• Subham Patro

Debentures In Company Law: Section 71 Of Companies Act 2013

Updated: Sep 30



an image showing debentures
DEBENTURES

What Is a Debenture?

A debenture in company law is a type of bond or other debt instrument that is unsecured by collateral. Since debentures have no collateral backing, they must rely on the creditworthiness and reputation of the issuer for support. Both corporations and governments frequently issue debentures to raise capital or funds.

  • A debenture is a type of debt instrument that is not backed by any collateral and usually has a term greater than 10 years.

  • Debentures are backed only by the creditworthiness and reputation of the issuer.

  • Both corporations and governments frequently issue debentures to raise capital or funds.

  • Some debentures can convert to equity shares while others cannot.

In layman’s term, a Debenture is the acknowledgment of the debt the organization has taken from the public at large as per Section 71 of the Companies Act 2013. They are very crucial for raising long-term debt capital. A company can raise funds through the issue of debentures, which has a fixed rate of interest on it. The debenture issued by a company is an acknowledgment that the company has borrowed an amount of money from the public, which it promises to repay at a future date. Debenture holders are, therefore, creditors of the company.


Features of Debentures in Company Law


According to Section 71 of the Companies Act 2013:

  1. Debentures are usually the unsecured form of bonds which are not backed by any asset or collateral. Instead, the investors consider the issuer’s creditworthiness as a primary parameter for the purchase. Also, being a long-term instrument, their tenure usually lasts for 10 years and above.

  2. They have a fixed coupon rate, at which the investors receive interest at specific intervals, i.e., monthly, quarterly, half-yearly or yearly. Some investors also get accumulated interest on redemption. Earnings change if the interest rates are floating. Market fluctuations and economic conditions affect interest rates.

  3. The issuing company pays off the interest as an expense before paying the dividends. The interest is thus tax-deductible, bringing down the taxable income.

  4. Some companies issue debentures, which after a specified period, can be changed into equity stocks. This facilitates the investors to procure ownership in the organization and benefit from its earnings when its income is enhanced. In addition, the issuer enjoys low-cost borrowing since they offer a lower interest rate than non-covertibles.

  5. Repayments can be attained either in installments payable yearly or all at once. Thus, if the issuer pays off annual installments to the holders, it may do so by making a redemption reserve. Else, the issuer can repay the borrowed sum in a lump sum on the maturity date of the debt.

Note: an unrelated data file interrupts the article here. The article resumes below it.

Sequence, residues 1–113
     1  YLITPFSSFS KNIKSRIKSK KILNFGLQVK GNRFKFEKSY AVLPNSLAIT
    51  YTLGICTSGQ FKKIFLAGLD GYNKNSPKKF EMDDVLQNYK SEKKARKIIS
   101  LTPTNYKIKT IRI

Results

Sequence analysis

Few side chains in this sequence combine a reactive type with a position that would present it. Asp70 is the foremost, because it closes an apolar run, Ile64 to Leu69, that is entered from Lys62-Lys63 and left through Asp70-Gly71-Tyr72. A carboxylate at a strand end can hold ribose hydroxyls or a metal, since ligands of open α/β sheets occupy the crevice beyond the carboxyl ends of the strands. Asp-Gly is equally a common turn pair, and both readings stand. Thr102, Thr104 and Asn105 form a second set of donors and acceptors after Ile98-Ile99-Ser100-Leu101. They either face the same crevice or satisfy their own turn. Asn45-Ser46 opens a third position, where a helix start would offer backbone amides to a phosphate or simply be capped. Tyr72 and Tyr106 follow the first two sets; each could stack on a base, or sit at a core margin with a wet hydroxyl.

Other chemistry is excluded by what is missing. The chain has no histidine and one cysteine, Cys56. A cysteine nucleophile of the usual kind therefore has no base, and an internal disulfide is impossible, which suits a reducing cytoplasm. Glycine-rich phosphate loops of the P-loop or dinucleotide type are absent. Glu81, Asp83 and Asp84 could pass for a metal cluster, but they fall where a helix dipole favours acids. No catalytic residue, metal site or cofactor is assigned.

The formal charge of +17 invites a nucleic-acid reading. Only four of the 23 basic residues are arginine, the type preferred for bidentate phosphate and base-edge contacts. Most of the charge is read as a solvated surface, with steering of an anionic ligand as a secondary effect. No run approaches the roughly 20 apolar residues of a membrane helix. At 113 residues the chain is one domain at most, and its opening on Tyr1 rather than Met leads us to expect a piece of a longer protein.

6. They can be easily exchanged in the stock market, just like other securities. Thus, they are a flexible debt instrument.

  7. A real-world example is L&T Finance Ltd planning to issue secured, redeemable non-convertible debentures in 2012.

Types of Debenture


1. Secured and Unsecured:


Secured debenture creates a charge on the assets of the company, thereby mortgaging the assets of the company. Unsecured debenture does not carry any charge or security on the assets of the company.


2. Registered and Bearer:


A registered debenture is recorded in the register of debenture holders of the company. A regular instrument of transfer is required for their transfer. In contrast, the debenture which is transferable by mere delivery is called bearer debenture.


3. Convertible and Non-Convertible:


Convertible debenture can be converted into equity shares after the expiry of a specified period. On the other hand, a non-convertible debenture is those which cannot be converted into equity shares.


4. First and Second:


A debenture which is repaid before the other debenture is known as the first debenture. The second debenture is that which is paid after the first debenture has been paid back.


Advantages of Debenture

  • Debentures ensure a higher position in the ‘pecking order’ for repayment as a creditor. Otherwise, the loan is unsecured - the position of unsecured creditors near the bottom of the payment hierarchy means a significantly lower chance of recovering any money.

  • Valuable financial protection and reassurance is provided for directors as regards their personal funds.

  • The use of debentures can encourage long-term funding to grow a business. It is also cost-effective when compared with other forms of lending.

  • Debentures usually provide a fixed rate of interest for the lender, and this has to be paid before any dividends are issued to shareholders.

  • Control of the company by existing shareholders is not reduced, and profit-sharing remains in the same proportion.

Disadvantages of Debenture

  • As far as the company is concerned, there is no flexibility in their obligation to make interest payments on the debenture. In times of financial difficulty this can compromise business growth, and even force insolvency in some cases.

  • Restrictions imposed by securing the debenture with an asset or asset class, takes away the management’s freedom to control or use the assets at will.

  • By holding a debenture, the lender loses their right to vote and take a share of company profits.



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